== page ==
by Bishop Harry R. Jackson Jr.
The need for the nation to pray about her problems would be high on my grandmother's to-do list. In fact, she often said, "Prayer changes things!" As a black woman who was also part Native American, she was very proud to achieve the status of licensed practical nurse.
She was a natural caregiver whose profession was simply an extension of the way her mother before her had lived out her faith—visiting the sick and shut-ins her church. Her generation saw America change because of a non-violent civil rights movement that was fueled by civil disobedience and the power of prayer. Her personal life also changed because of prayer and faithfulness. In fact, she lived long enough to see her four daughters and her 15 grandchildren all graduate from college. Two of us even attended a prestigious Ivy League graduate school, with one of her grandsons becoming the chief justice of the Supreme Court of Virginia.
Perhaps political liberals believe that the religious right will be emboldened or strengthened, if they are allowed to pray in public places or on special national holidays. Or maybe they believe that some form of psychological harm will befall those who are not attached to one of the many Christian denominations. Contrary to the public myths, everyone is encouraged to pray to the God of their own religious tradition. More importantly, acts of hatred, name-calling, or intolerant public jeering have never occurred at one of these prayer events.
It seems to me that the great faith of our leaders has not drawn the nation to prayer. Instead the huge needs of the nation have always driven men of faith and goodwill to pursue divine intervention. As I mused on this, I came upon a prayer offered up to God on behalf of the U.S. people in June of 1944. I have included just a snippet of this prayer:
"Almighty God: Our sons, pride of our nation, this day have set upon a mighty endeavor, a struggle to preserve our Republic, our religion, and our civilization, and to set free a suffering humanity. Lead them straight and true; give strength to their arms, stoutness to their hearts, steadfastness in their faith.
Martin Luther King Jr. Day was celebrated nationwide yesterday, when my good friend, Bishop Harry R. Jackson Jr., wrote an outstanding article on the legacy of the civil rights leader and preacher. Click here to read and comment on Bishop Jackson's column.
Bishop Jackson is the guest editor of the January-February issue of Ministry Today, now available.
With the theme of social transformation, the issue coincides with the political season, which many are saying is the most important presidential election of our lifetime.
Because the primary season leading up to the presidential election is upon us, I wanted an issue on political activism. But Bishop Jackson exceeded expectations. He invited other outstanding authors such as Chuck Colson, David Barton and Tony Perkins to write, and the end result is something much more powerful—an issue on social transformation, which involves being involved politically. Read it and be transformed, so you can in turn transform society.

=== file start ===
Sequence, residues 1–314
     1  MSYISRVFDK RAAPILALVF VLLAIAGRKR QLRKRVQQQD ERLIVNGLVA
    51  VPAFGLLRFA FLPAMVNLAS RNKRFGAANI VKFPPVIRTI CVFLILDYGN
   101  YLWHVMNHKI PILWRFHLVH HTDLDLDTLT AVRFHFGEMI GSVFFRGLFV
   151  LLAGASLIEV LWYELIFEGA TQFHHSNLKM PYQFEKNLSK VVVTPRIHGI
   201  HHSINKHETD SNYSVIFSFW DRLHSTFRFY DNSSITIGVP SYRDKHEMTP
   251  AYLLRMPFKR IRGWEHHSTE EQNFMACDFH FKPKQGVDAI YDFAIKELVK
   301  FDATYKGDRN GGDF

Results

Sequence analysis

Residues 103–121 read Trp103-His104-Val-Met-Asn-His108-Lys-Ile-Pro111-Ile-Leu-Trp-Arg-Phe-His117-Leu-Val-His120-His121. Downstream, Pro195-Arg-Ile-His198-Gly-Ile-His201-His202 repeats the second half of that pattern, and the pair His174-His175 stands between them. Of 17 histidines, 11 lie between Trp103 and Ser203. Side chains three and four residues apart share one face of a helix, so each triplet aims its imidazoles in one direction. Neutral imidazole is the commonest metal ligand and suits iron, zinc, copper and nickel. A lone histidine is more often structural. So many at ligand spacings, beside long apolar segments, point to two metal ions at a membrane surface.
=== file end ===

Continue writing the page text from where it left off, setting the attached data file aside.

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In February, we will focus our Ministry Today website and e-newsletter on the life and work of Jamie Buckingham. He was not only one of the most influential leaders in the charismatic renewal for many years, but was the editor of Ministry Today at his untimely death in February 1992—nearly 20 years ago.
Jamie, who died at age 59, was senior pastor of the 2,000-member Tabernacle Church in Melbourne, Fla., a nondenominational church he founded in 1967. He wrote dozens of books, among them the biographies of charismatic leaders Kathryn Kuhlman (Daughter of Destiny), Nicky Cruz (Run Baby Run) and Pat Robertson (Shout It From the Housetops).
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by Bishop Harry R. Jackson Jr.
Guest Editor of the January-February 2012 issue of Ministry Today, with the theme of Social Transformation
On Oct. 16, the new memorial for Martin Luther King Jr. (MLK) was finally completed. There was only one problem with the work: The wrong words were carved on the statue. The tone of the phrase misrepresented "the spirit" of the fallen leader. After a huge controversy, the memorial leadership decided to change the writing on the statue.
This change was legitimate. Unfortunately, an illegitimate expression occurred this past week. Politico reported that Tavis Smiley had been disinvited from the 20th annual MLK luncheon, hosted by the Peoria Civic Center. Why? Mr. Smiley has said publicly that President Obama had not done enough for black Americans, which, according to the center, upset some people. He was replaced by reliable liberal Michael Eric Dyson.
In later interviews, Mr. Smiley noted that only a small handful of the 1,500 ticket holders for the event complained about his comments, resulting in his ouster from the luncheon. He also made it clear that he supports President Obama, but as a journalist feels obligated to hold him accountable for his actions in office. While I may disagree with Mr. Smiley on some issues, I certainly agree that his honest appraisal of President Obama's performance should not disqualify him from speaking at a luncheon honoring Dr. King.
In fact, Smiley's dismissal from the event dishonors Dr. King's legacy of holding all political leaders accountable for their actions and judging people based on their character, rather than their skin color. As I have written before, this is yet another example of the totalitarian attempts at thought control by leaders in the black community who purport to speak for Dr. King and African-Americans in general. We blacks who refuse to kowtow to the extreme left are not only disinvited from events, but often publicly excommunicated from our own race.